—Originally, the serum sickness reaction was described following the administration of horse antiserum. Recently, the serum sickness reaction has been associated with the administration of penicillin, hydralazine, sulfonamides, or thiazide diuretics. This clinical entity results from the formation and deposition of detectable antigen-antibody complexes in blood vessels. Subsequent activation of the immune system and release of vasoactive amines results in clinical disease from 1 to 3 weeks, but usually 7 to 10 days after exposure to the antigen. An urticarial or maculopapular skin rash is the most common sign, occurring 90% of the time.Arthralgias occur in 50% of the cases. Fever, lymphadenopathy, and proteinuria are less frequent. The clinical course is usually benign and resolves quickly after withdrawal of the offending antigen. Epinephrine, antihistamines, and/or steroids may be helpful in more severe cases.1From the late 1970s through 1991, Eli Lilly and Co collected and investigated spontaneous reports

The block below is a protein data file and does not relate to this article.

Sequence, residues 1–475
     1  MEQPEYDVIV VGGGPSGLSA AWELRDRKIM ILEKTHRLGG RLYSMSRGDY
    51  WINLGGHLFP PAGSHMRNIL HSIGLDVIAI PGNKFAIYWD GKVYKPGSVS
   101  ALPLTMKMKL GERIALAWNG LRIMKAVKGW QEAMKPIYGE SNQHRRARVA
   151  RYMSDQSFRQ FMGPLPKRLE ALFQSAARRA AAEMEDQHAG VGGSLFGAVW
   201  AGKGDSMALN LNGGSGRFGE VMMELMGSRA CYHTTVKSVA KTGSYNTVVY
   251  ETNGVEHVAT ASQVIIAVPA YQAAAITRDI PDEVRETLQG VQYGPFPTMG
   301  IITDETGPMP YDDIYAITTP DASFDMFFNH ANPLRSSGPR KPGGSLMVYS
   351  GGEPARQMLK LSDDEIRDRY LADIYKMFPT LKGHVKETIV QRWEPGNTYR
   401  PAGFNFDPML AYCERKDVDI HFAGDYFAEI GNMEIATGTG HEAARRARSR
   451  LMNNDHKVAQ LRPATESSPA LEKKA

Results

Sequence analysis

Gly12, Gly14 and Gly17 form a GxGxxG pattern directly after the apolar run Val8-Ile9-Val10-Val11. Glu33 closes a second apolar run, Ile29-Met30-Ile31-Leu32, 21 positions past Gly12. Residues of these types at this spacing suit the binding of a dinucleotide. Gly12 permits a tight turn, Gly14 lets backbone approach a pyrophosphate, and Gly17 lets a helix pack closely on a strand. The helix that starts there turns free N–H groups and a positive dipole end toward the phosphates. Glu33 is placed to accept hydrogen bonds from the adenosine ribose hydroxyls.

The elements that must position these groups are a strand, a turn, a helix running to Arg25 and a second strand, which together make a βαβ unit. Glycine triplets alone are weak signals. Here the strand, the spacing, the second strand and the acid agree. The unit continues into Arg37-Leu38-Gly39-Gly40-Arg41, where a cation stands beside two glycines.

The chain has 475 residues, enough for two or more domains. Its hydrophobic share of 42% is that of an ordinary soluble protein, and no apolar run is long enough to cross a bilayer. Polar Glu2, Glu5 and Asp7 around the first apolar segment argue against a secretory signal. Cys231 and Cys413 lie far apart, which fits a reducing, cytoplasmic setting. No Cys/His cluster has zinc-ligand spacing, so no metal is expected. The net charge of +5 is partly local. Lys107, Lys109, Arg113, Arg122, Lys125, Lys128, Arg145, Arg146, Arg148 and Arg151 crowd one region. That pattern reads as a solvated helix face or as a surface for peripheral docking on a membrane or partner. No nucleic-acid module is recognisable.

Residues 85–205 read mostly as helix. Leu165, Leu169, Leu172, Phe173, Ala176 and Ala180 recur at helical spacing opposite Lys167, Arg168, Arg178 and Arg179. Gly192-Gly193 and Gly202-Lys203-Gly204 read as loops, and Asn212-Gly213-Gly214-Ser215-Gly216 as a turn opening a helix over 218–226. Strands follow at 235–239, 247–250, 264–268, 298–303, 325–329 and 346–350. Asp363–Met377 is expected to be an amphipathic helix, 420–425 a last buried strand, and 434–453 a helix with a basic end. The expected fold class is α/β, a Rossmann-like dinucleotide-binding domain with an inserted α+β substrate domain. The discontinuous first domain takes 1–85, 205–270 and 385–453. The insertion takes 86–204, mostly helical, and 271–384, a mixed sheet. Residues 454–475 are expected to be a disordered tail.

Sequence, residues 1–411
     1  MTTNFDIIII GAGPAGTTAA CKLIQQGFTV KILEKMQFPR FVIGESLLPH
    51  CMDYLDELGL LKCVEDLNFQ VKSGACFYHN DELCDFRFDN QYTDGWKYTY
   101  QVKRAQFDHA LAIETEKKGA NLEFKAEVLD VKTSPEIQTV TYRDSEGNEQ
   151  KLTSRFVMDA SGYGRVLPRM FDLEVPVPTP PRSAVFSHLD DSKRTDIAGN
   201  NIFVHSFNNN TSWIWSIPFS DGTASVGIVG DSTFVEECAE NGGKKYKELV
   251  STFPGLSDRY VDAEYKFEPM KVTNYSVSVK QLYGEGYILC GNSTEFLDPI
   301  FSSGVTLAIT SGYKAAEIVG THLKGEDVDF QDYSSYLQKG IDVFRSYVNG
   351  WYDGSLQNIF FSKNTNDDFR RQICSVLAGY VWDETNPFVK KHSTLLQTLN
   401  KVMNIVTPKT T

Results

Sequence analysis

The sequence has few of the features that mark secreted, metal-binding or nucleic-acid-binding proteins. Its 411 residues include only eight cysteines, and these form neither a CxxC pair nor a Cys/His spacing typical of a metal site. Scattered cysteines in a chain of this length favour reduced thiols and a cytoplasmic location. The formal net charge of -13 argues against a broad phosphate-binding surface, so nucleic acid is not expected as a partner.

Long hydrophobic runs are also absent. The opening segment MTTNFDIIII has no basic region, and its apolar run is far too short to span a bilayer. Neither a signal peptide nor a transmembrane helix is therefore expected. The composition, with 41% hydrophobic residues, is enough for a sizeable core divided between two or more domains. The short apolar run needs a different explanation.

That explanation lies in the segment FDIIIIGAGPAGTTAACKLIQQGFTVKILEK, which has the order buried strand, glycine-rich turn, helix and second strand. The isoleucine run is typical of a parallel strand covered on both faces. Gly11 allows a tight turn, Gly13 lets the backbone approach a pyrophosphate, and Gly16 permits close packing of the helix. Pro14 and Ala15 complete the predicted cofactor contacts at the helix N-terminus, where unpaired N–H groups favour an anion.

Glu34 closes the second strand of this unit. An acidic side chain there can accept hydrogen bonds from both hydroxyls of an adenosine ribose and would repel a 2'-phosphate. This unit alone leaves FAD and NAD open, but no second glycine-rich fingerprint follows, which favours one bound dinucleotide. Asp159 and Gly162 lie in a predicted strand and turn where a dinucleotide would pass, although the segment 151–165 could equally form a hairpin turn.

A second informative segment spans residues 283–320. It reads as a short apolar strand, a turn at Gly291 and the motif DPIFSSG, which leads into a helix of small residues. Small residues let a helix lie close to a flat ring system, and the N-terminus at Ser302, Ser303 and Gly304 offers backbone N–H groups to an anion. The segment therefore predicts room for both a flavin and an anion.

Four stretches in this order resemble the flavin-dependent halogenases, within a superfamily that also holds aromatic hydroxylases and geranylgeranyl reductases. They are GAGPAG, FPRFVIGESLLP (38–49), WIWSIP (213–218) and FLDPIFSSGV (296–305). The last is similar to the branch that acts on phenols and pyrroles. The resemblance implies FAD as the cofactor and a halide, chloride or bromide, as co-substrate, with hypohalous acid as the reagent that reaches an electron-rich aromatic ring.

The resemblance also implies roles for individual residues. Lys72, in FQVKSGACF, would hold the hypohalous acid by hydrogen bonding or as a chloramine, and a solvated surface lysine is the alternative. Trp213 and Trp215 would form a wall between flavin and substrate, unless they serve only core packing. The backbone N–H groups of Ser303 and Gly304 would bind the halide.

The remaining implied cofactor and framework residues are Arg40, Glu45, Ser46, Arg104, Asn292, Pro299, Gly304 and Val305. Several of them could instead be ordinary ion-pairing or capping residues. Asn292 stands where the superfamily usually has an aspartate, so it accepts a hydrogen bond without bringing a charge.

Kelsey DK. Cefaclor and Serum Sickness-Like Reaction-Reply. JAMA. 1996;276(12):950–951. doi:10.1001/jama.1996.03540120028019
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